Me Myself&I

Kitchen changes

I mean, it’s beautiful. It’s rather ingenious. Here’s the pitch:

But then you learn it also has integrated temperature sensors that keep the burners at the precise temperature you want.

And then you learn that the stove has a battery in it, which means that unlike most other induction stoves, it can plug into a standard 120-volt outlet. You don’t have to get a pricy circuit upgrade, or an even pricier electrical panel upgrade, to install it.

And then, your brain explodes when you learn the battery is a smart energy storage device that can charge up when power is cheap in the morning so that you save money when you use it in the evening, when power prices are highest. You can also participate in programs that will pay you to dispatch power from your stove to the grid when demand is high.

Who knew a stove could, or should, do so much?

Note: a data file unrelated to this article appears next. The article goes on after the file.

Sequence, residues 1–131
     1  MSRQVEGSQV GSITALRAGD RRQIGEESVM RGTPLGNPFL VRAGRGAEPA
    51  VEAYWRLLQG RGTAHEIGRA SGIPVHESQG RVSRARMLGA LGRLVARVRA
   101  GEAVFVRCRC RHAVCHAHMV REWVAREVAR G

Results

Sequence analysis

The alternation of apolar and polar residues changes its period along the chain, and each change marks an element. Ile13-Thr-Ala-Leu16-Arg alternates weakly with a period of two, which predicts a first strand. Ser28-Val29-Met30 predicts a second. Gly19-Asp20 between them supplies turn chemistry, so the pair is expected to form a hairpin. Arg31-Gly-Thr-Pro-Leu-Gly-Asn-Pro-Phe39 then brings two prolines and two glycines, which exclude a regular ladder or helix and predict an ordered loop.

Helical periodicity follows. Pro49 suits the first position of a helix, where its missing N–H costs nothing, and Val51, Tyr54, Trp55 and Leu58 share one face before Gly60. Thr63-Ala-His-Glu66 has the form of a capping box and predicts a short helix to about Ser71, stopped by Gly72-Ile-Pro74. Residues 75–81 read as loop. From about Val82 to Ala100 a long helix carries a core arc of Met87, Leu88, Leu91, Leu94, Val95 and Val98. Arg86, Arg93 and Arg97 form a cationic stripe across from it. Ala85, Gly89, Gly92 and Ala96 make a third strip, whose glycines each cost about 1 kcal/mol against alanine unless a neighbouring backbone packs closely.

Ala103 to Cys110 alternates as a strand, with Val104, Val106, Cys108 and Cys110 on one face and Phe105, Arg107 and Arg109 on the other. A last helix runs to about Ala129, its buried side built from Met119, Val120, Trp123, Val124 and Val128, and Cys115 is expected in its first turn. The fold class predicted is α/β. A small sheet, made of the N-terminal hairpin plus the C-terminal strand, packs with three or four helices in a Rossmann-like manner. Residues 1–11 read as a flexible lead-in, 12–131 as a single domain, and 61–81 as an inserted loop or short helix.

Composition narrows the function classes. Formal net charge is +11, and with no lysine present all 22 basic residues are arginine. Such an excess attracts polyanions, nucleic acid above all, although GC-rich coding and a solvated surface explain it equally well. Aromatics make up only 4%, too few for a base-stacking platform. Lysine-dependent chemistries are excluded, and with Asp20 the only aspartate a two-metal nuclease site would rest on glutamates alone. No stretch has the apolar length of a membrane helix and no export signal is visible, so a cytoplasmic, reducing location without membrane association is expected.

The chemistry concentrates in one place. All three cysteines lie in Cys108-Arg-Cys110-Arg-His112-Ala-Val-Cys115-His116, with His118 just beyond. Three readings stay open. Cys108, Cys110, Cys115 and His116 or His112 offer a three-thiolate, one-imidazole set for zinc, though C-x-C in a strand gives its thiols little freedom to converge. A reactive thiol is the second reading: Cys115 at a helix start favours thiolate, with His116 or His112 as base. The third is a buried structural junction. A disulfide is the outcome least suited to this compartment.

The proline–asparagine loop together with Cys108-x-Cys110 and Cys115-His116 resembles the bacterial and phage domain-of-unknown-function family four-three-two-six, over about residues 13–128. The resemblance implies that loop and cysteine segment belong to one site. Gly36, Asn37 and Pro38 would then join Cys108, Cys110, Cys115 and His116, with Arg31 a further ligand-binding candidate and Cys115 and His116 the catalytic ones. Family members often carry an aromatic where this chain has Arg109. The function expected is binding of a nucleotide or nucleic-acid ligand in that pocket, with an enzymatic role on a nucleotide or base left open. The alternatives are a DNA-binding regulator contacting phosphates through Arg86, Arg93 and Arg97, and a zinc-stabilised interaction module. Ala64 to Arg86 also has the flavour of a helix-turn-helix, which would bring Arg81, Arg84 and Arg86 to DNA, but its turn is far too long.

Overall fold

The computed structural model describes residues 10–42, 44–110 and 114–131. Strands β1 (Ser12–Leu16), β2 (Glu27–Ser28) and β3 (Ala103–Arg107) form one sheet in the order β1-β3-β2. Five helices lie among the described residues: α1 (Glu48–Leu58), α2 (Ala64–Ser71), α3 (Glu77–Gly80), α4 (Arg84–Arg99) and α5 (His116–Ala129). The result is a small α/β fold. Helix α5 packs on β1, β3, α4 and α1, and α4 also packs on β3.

It’s super dope! I love it. But it’s also overkill. And $5,500.

My Zojirushi heats up 4L of water, twice a day. I never wait on hot water anymore. It’s $200.

A big, 11-in-1 instant pot is $120 and a lot less maintenance that four cooking tops.

Sure, they don’t have a battery. But you could potentially have them connected to one.

I think kitchen are going to massively change. Outside the fridge, big appliances are about to be let go as smaller, more efficient ones populate counters across the world.

The kitchen’s core becomes mostly a surface, a large sink, and a bunch of power strips with rotating devices connected to them.

Leave a Reply

Your email address will not be published.